22.7. Bitwise OperatorsC++ provides extensive bitmanipulation capabilities for programmers who need to get down to the socalled "bitsandbytes" level. Operating systems, testequipment software, networking software and many other kinds of software require that the programmer communicate "directly with the hardware." In this and the next several sections, we discuss C++'s bitmanipulation capabilities. We introduce each of C++'s many bitwise operators, and we discuss how to save memory by using bit fields. All data is represented internally by computers as sequences of bits. Each bit can assume the value 0 or the value 1. On most systems, a sequence of 8 bits forms a bytethe standard storage unit for a variable of type char. Other data types are stored in larger numbers of bytes. Bitwise operators are used to manipulate the bits of integral operands (char, short, int and long; both signed and unsigned). Unsigned integers are normally used with the bitwise operators. Portability Tip 22.3
Note that the bitwise operator discussions in this section show the binary representations of the integer operands. For a detailed explanation of the binary (also called base2) number system, see Appendix D, Number Systems. Because of the machinedependent nature of bitwise manipulations, some of these programs might not work on your system without modification. The bitwise operators are: bitwise AND (&), bitwise inclusive OR (), itwise exclusive OR (^), left shift (<<), right shift (>>) and bitwise complement (~)also known as the one's complement. (Note that we have been using &, << and >> for other purposes. This is a classic example of operator overloading.) The bitwise AND, bitwise inclusive OR and bitwise exclusive OR operators compare their two operands bit by bit. The bitwise AND operator sets each bit in the result to 1 if the corresponding bit in both operands is 1. The bitwise inclusiveOR operator sets each bit in the result to 1 if the corresponding bit in either (or both) operand(s) is 1. The bitwise exclusiveOR operator sets each bit in the result to 1 if the corresponding bit in either operandbut not bothis 1. The leftshift operator shifts the bits of its left operand to the left by the number of bits specified in its right operand. The rightshift operator shifts the bits in its left operand to the right by the number of bits specified in its right operand. The bitwise complement operator sets all 0 bits in its operand to 1 in the result and sets all 1 bits in its operand to 0 in the result. Detailed discussions of each bitwise operator appear in the following examples. The bitwise operators are summarized in Fig. 22.5.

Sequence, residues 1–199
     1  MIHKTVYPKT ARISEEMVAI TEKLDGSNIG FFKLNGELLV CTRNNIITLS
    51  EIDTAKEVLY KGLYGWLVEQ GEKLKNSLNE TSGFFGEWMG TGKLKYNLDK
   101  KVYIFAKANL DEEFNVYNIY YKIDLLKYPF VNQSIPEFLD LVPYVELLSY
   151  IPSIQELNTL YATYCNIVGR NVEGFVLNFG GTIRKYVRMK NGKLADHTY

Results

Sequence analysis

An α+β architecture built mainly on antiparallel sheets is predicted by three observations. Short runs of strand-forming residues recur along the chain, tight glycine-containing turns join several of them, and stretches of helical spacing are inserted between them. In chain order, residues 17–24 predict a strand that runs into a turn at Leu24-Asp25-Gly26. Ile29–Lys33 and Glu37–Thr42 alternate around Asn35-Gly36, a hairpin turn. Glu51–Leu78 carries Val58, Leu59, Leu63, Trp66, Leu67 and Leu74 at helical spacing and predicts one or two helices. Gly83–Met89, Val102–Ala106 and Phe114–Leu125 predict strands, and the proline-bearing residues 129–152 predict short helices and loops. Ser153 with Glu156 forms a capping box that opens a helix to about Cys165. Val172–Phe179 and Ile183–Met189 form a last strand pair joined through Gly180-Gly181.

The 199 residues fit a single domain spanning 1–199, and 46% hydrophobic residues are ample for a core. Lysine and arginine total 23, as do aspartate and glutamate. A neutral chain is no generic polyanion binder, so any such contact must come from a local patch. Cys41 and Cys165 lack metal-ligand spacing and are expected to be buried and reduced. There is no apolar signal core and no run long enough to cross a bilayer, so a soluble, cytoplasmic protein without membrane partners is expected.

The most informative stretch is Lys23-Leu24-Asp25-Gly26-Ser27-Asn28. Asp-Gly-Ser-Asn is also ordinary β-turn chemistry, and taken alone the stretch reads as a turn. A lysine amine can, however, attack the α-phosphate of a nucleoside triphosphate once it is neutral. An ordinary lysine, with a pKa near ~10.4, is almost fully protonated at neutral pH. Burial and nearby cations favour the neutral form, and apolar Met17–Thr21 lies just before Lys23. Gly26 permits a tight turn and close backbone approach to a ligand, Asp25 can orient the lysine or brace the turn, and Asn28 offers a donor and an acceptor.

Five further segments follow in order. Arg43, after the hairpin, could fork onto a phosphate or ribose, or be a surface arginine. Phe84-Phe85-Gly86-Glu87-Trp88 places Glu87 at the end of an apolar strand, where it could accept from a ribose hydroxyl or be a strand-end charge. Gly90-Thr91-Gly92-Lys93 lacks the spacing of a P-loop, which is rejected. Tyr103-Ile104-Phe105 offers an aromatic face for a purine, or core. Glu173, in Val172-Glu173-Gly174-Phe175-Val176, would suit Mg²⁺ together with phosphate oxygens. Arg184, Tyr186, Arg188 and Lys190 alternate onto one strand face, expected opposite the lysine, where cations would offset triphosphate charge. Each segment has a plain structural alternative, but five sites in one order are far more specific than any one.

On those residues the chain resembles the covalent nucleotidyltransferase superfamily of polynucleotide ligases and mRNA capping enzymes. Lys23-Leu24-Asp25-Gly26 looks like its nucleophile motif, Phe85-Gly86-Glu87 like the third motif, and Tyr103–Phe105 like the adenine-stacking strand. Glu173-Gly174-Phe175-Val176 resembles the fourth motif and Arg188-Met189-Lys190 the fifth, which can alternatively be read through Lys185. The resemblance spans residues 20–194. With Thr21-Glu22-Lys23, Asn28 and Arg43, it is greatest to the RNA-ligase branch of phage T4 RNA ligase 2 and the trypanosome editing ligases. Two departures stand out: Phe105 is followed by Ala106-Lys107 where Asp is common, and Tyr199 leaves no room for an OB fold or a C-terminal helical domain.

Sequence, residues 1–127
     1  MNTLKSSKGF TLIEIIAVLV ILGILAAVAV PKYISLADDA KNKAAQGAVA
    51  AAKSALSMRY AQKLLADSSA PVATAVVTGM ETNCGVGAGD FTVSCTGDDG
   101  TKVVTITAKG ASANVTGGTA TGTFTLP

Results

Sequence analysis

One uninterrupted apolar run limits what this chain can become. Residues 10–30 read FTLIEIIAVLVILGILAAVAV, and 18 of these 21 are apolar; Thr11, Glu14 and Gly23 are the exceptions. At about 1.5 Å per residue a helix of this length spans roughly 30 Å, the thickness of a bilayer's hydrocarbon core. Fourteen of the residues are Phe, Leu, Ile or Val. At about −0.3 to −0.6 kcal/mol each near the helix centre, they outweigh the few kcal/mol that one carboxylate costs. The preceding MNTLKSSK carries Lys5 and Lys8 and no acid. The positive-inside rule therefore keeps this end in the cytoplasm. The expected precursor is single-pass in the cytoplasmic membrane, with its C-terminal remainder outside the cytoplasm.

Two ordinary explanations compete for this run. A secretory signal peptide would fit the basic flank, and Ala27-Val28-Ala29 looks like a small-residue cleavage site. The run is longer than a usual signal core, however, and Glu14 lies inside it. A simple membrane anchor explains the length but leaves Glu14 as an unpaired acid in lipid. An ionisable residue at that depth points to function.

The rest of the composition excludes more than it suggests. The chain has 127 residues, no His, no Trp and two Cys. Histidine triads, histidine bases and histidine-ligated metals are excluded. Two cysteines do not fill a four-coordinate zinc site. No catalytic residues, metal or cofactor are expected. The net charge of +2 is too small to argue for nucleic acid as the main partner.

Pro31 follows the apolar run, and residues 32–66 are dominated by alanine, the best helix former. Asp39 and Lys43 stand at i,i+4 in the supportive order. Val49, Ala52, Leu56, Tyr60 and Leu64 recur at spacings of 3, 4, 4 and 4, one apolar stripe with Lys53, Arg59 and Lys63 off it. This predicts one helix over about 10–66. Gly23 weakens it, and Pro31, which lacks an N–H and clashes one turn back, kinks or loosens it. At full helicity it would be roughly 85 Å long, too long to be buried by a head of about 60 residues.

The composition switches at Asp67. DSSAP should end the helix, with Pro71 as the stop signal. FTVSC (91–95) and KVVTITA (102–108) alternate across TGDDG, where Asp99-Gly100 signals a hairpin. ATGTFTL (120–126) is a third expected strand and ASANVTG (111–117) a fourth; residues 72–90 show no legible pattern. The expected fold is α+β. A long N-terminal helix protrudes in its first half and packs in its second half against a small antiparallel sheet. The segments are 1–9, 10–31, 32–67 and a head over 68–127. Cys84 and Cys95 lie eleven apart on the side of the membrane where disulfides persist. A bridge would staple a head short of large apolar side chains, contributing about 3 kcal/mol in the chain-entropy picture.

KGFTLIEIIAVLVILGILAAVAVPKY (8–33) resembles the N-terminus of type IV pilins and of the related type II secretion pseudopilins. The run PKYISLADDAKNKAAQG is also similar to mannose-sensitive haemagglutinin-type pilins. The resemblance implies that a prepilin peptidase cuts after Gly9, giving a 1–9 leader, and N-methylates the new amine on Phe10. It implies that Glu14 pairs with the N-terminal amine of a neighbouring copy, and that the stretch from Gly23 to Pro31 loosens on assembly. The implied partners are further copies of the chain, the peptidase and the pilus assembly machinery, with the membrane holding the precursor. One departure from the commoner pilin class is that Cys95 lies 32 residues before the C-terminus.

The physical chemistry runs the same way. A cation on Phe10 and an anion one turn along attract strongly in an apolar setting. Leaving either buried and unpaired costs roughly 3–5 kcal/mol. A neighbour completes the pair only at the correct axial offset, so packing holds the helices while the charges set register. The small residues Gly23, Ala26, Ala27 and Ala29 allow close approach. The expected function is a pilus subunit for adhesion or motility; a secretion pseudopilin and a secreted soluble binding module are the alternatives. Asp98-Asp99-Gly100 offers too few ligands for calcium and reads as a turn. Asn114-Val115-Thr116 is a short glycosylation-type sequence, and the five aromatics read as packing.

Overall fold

Printing a Binary Representation of an Integral ValueWhen using the bitwise operators, it is useful to illustrate their precise effects by printing values in their binary representation. The program of Fig. 22.6 prints an unsigned integer in its binary representation in groups of eight bits each. Figure 22.6. Printing an unsigned integer in bits. 
1 // Fig. 22.6: fig22_06.cpp 2 // Printing an unsigned integer in bits. 3 #include <iostream> 4 using std::cout; 5 using std::cin; 6 using std::endl; 7 8 #include <iomanip> 9 using std::setw; 10 11 void displayBits( unsigned ); // prototype 12 13 int main() 14 { 15 unsigned inputValue; // integral value to print in binary 16 17 cout << "Enter an unsigned integer: "; 18 cin >> inputValue; 19 displayBits( inputValue ); 20 return 0; 21 } // end main 22 23 // display bits of an unsigned integer value 24 void displayBits( unsigned value ) 25 { 26 const int SHIFT = 8 * sizeof( unsigned )  1; 27 const unsigned MASK = 1 << SHIFT; 28 29 cout << setw( 10 ) << value << " = "; 30 31 // display bits 32 for ( unsigned i = 1; i <= SHIFT + 1; i++ ) 33 { 34 cout << ( value & MASK ? '1' : '0' ); 35 value <<= 1; // shift value left by 1 36 37 if ( i % 8 == 0 ) // output a space after 8 bits 38 cout << ' '; 39 } // end for 40 41 cout << endl; 42 } // end function displayBits

Function displayBits (lines 2442) uses the bitwise AND operator to combine variable value with constant MASK. Often, the bitwise AND operator is used with an operand called a maskan integer value with specific bits set to 1. Masks are used to hide some bits in a value while selecting other bits. In displayBits, line 27 assigns constant MASK the value 1 << SHIFT. The value of constant SHIFT was calculated in line 26 with the expression
8 * sizeof( unsigned )  1
which multiplies the number of bytes an unsigned object requires in memory by 8 (the number of bits in a byte) to get the total number of bits required to store an unsigned object, then subtracts 1. The bit representation of 1 << SHIFT on a computer that represents unsigned objects in four bytes of memory is
10000000 00000000 00000000 00000000